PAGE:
Now, for the million-dollar question: what is the Chalmette Battlefield?! Gold star for you if can correctly answer what war it was a part of. Hint: A General Jackson served there. Another Hint: His first name was not Stonewall. That's right! The Battle of New Orleans from the War of 1812!

Do you like how the National Park Service has to specifically say that on their signs? They couldn't fit "no, Stonewall did not fight here... wrong war," on the sign, though that would have alleviated some questions rangers get in the Visitor Center.

The new Visitor Center is quite nice, it tells the story of the Battle of New Orleans. Alright. Another Gold Star if you can list five facts about the War if 1812. Saying that it was fought in 1812 does not count. But you could get some extra credit if you sing that song. Unfortunately, many Americans do not know why the War of 1812 is significant. I have encountered more French folk who have a better understanding of American history than Americans. One of the park rangers told me a quote from a guy in history (of which I will poorly paraphrase): think of the Revolutionary War as this nation's conception and the War of 1812 as this nation's birth. In fact, until the American Civil War, January 8th was the second biggest holiday in this nation after July 4th.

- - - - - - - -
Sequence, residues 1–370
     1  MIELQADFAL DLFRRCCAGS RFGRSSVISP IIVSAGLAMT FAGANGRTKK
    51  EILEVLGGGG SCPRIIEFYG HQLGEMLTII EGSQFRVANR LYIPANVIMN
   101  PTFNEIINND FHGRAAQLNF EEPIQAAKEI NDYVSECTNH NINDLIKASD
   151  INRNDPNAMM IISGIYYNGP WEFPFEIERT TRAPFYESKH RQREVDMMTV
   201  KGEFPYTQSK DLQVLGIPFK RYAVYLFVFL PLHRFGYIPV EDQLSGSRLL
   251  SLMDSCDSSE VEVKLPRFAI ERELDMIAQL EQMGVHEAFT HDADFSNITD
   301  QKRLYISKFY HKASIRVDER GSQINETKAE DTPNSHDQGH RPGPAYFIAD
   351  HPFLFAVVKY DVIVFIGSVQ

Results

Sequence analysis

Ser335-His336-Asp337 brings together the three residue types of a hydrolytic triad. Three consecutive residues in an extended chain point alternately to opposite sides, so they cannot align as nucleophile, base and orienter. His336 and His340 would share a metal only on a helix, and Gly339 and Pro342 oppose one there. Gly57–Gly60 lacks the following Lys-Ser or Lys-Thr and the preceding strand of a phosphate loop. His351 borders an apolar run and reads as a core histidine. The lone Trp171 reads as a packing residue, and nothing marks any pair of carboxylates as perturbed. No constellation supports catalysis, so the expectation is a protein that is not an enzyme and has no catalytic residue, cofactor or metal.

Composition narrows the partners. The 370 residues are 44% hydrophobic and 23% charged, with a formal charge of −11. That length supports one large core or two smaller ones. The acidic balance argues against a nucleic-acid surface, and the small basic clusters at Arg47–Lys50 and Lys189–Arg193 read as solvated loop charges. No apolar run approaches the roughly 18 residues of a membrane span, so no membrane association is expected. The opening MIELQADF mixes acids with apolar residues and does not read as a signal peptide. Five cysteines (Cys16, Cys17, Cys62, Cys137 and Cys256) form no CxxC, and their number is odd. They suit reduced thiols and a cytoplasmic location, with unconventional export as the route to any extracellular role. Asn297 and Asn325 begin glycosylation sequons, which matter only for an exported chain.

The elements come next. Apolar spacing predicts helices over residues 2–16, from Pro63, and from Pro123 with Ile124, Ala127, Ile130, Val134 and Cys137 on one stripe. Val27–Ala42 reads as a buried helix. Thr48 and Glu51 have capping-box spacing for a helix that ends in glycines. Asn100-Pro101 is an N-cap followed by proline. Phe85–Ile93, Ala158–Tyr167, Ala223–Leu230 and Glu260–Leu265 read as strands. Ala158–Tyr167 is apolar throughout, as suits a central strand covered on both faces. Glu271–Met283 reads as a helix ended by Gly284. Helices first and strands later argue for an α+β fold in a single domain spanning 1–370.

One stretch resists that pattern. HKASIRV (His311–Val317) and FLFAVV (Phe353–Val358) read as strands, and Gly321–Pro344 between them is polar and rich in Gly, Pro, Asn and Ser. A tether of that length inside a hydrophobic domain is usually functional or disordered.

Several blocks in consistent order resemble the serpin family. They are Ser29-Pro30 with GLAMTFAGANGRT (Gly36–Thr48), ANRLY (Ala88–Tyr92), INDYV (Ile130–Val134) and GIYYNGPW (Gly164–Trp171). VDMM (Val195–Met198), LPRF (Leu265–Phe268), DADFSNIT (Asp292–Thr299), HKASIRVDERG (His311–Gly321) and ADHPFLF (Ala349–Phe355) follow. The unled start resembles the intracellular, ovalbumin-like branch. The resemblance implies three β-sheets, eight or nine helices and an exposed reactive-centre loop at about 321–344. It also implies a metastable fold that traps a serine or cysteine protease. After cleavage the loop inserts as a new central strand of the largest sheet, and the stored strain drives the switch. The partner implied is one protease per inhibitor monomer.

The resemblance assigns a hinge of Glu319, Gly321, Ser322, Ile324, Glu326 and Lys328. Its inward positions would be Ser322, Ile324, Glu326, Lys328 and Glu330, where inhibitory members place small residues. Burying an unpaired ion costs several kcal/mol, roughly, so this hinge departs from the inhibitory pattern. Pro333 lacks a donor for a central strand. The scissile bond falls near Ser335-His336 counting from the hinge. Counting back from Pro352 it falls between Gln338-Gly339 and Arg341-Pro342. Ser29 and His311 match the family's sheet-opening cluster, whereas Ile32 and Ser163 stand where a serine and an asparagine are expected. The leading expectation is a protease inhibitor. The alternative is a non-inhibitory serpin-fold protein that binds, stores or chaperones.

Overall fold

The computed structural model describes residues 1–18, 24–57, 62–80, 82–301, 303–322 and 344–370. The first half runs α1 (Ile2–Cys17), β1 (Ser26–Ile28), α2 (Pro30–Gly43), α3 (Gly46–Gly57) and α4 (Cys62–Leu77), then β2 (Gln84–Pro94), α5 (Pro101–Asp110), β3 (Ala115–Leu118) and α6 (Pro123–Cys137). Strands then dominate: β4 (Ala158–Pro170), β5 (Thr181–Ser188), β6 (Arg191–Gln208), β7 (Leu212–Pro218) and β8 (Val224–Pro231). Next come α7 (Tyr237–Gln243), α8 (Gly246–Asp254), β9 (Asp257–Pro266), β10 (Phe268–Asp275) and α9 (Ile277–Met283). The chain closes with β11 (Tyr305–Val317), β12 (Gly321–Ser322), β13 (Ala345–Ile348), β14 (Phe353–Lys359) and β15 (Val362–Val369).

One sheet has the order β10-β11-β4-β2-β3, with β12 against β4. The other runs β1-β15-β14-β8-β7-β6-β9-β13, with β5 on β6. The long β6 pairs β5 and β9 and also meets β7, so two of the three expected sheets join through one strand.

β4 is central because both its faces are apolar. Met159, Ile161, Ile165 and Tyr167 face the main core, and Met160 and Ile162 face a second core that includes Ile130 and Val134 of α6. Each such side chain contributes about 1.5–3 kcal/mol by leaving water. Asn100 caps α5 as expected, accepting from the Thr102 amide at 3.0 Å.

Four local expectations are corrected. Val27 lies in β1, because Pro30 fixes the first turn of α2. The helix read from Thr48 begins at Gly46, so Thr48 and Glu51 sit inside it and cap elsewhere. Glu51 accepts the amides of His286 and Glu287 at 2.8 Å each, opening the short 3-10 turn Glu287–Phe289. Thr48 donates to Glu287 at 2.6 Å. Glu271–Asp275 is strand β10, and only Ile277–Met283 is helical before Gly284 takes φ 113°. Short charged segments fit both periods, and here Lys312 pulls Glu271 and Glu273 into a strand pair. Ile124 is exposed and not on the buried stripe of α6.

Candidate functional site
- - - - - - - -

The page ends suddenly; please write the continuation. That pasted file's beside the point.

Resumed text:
The Battle of New Orleans provides many interesting nuances about American history. One of those nuances was the diverse fighting force under General [Andrew] Jackson. Several languages would have been heard along his lines. Heck. Even the Choctaw served under him (I wonder if they'd been so willing to do so if they knew what his policies on natives would be while he was President).

He acknowledged the diversity, however, and sang its praises. We are America. We are the United States. And the Battle of New Orleans became one event that helped define us as a baby nation. The war is interesting to think of in light of how we try to define ourselves later with the outbreak of the American Civil War (Stonewall fought in THAT one, guys).

I explored the site. Their national cemetery has over 16,000 graves, many from the Civil War (only a handful from the War of 1812).

The landscape prompted thought, for no matter where you go, the view includes refineries and plants in the horizon.

That is why the park service does what it does, protection and perservation of the special places that tell the American story, "for the enjoyment of future generations."